Bank of America's top mortgage executive in Florida talks about Florida's housing market.

sfrater@bradenton.comMarch 5, 2013 

As first time buyers begin coming back into the real estate market, we take a look at what is going on in the mortgage industry since last year's $25 billion settlement with the country's five largest mortgage lenders.

Under the settlement, mortgage lenders agreed to make unprecedented changes in how they service mortgage loans and handle foreclosures. With the backing of a federal court order and the oversight of an independent monitor, the agreement created dozens of new consumer protections, making the servicing process substantially more transparent.

The protections range from requiring a single point of contact for borrowers, establishing case review and paperwork processing requirements and deadlines, and restricting practices such as "dual tracking" in which banks pursue a loan modification while simultaneously pursuing a foreclosure.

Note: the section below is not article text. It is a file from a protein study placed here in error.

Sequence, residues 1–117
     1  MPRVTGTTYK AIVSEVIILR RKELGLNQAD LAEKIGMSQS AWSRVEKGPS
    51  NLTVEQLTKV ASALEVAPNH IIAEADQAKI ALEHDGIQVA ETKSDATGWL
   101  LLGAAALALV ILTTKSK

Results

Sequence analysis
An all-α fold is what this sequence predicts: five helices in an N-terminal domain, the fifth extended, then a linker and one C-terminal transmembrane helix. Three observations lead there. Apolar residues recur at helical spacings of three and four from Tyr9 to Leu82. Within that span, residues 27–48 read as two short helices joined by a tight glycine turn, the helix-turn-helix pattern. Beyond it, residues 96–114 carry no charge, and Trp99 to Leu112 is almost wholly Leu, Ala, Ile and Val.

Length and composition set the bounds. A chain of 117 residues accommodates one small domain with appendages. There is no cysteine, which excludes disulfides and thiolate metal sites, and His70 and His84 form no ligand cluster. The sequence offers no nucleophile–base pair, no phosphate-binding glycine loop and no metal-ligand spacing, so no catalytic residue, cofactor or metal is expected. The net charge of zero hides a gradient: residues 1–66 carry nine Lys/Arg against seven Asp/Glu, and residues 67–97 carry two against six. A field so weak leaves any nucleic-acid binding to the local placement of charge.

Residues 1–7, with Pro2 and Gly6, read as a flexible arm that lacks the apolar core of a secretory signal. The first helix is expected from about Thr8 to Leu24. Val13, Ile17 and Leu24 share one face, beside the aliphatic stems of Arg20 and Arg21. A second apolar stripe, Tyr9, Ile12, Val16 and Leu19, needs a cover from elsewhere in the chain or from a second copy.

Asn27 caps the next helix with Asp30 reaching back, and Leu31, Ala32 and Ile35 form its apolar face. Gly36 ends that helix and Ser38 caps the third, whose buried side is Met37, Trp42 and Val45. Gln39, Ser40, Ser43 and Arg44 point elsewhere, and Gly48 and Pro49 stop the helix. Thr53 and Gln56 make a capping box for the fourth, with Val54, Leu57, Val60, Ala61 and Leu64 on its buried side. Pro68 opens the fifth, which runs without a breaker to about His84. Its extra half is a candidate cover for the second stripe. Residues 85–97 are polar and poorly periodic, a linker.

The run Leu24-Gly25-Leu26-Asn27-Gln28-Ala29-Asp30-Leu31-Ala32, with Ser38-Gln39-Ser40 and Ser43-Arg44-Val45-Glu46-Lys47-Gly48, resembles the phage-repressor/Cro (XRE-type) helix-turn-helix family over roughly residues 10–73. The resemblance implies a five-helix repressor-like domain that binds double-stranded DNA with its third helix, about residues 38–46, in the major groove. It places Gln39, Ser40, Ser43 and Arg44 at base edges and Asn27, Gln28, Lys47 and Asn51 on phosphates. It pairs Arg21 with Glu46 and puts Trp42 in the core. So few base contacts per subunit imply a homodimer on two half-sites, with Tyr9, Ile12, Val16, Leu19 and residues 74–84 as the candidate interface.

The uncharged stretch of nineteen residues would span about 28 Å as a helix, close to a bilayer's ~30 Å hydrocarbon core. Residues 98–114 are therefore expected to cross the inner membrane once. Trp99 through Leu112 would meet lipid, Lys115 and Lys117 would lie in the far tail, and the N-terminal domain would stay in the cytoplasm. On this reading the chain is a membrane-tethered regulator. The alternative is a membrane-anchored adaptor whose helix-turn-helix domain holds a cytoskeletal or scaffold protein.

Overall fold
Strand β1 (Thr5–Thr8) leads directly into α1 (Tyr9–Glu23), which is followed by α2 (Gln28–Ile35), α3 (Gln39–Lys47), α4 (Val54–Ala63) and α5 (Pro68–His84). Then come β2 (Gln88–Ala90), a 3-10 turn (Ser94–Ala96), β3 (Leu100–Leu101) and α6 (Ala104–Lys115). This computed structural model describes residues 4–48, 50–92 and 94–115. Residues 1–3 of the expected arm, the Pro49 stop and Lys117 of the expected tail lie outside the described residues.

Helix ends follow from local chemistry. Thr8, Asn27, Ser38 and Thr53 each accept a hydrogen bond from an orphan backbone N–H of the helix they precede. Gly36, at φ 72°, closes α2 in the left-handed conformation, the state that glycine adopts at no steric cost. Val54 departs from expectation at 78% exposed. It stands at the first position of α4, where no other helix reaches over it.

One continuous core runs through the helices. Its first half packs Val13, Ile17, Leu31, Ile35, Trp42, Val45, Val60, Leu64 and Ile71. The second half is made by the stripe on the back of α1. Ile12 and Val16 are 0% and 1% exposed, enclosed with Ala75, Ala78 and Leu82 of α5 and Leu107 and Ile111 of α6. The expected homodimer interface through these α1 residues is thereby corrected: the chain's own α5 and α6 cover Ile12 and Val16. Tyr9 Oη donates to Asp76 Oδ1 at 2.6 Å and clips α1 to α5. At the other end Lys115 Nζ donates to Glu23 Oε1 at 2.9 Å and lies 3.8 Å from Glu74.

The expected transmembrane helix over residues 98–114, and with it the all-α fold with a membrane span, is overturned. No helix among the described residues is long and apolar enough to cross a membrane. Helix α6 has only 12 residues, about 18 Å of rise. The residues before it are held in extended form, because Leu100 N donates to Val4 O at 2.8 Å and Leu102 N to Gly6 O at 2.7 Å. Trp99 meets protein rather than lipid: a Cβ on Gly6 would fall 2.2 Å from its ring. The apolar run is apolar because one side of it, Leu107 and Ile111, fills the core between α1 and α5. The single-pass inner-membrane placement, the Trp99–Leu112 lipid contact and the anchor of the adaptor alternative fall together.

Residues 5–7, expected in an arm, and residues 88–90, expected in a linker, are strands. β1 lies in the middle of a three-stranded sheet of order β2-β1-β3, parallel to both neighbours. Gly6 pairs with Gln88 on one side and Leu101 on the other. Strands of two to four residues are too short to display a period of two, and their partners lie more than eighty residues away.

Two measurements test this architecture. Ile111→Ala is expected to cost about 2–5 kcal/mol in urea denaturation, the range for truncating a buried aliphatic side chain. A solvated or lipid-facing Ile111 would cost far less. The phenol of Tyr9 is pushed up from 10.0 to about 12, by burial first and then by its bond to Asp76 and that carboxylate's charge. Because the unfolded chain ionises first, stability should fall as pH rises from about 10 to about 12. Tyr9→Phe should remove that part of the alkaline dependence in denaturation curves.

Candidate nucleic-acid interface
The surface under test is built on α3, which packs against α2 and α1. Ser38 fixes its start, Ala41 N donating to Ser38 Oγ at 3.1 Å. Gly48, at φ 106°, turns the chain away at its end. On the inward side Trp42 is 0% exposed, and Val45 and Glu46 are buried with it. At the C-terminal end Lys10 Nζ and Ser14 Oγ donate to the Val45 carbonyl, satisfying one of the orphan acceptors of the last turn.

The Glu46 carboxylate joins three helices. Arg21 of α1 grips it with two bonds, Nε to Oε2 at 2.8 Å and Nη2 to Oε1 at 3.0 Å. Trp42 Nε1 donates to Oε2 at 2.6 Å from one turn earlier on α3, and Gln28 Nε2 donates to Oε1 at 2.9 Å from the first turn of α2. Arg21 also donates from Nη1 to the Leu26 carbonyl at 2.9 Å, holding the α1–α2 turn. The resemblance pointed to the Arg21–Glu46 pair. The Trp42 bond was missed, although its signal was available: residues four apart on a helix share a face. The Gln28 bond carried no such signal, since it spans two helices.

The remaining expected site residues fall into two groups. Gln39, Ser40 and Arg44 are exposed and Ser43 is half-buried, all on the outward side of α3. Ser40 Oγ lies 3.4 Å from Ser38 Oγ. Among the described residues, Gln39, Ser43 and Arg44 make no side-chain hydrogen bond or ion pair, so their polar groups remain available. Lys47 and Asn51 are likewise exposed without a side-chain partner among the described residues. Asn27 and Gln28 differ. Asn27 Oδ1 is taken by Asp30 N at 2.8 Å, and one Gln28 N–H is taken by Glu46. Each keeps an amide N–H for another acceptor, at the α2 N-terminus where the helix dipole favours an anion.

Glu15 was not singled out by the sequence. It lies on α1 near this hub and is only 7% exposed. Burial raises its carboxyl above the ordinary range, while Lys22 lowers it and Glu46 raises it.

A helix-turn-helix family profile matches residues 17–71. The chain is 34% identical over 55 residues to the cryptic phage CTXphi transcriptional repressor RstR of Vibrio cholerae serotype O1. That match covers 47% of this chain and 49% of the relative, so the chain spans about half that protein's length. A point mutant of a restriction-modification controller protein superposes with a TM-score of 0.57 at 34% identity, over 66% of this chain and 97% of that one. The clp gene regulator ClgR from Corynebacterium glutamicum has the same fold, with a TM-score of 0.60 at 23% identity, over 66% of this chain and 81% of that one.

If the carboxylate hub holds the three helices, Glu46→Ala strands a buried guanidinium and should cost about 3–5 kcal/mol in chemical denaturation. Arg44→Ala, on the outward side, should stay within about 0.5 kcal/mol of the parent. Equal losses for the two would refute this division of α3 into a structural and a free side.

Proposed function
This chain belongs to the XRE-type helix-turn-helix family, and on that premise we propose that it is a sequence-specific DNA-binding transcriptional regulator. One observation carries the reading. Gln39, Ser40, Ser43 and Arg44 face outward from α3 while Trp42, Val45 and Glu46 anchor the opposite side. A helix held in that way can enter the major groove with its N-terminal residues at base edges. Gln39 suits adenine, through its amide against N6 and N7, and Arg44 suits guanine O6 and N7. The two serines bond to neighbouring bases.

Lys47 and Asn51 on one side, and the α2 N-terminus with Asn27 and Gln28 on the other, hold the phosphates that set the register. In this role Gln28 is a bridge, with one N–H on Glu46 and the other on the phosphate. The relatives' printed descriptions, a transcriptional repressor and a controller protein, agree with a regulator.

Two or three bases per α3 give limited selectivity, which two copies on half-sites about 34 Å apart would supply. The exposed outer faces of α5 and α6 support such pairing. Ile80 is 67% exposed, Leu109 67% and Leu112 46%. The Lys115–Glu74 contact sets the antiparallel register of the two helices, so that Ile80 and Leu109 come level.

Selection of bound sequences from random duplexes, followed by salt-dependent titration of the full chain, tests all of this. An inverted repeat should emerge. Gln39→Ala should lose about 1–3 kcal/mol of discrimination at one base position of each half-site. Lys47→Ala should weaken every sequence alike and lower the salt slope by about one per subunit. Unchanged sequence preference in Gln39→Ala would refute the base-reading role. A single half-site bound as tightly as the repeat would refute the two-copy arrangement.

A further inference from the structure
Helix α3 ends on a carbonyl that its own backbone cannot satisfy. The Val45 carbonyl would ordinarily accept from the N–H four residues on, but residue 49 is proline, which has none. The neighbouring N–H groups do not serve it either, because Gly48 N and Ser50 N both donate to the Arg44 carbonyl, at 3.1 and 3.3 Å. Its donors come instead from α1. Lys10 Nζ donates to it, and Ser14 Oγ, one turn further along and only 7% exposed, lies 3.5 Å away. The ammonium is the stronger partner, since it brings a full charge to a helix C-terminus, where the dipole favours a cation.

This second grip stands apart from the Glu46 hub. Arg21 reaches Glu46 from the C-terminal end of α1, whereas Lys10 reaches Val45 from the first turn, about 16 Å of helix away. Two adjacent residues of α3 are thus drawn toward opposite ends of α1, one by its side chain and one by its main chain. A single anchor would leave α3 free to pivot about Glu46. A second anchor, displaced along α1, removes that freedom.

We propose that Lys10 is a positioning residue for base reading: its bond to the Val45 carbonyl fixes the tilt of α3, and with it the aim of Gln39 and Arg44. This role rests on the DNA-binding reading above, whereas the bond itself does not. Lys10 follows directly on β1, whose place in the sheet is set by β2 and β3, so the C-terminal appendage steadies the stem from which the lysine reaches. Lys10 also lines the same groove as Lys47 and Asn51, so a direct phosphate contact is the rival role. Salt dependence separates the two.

The $25 billion settlement was with the country's five largest mortgage lenders including Bank of America, Citi, JPMorgan Chase, Wells Fargo, and Ally/GMAC. The settlement raised hopes for a real estate recovery. It's especially urgent in Florida, the state which leads the nation in foreclosures yet which also posted strong across-the-board improvements in 2012.

If you have or want a home loan or refi from Bank of America in Florida, the person ultimately responsible is 54-year-old Tampa-based senior vice president Sandy Robertson. The Bradenton Herald's Stephen Frater caught up with Robertson on Friday for an exclusive interview with the banking giant's go-to-guy for mortgages in the Sunshine State, "the nation's most troubled real estate market."

Q: What is Bank of America's portion of the housing debt market?

A: The bank is the fourth largest bank in the country and has the largest share of the market in Florida.

Q: Currently in Florida, 11 percent of the housing stock is distressed by some definitions, and 40 percent of the market is underwater. Some underwater owners take a calculated decision to walk away and take the credit hit. Does that concern you?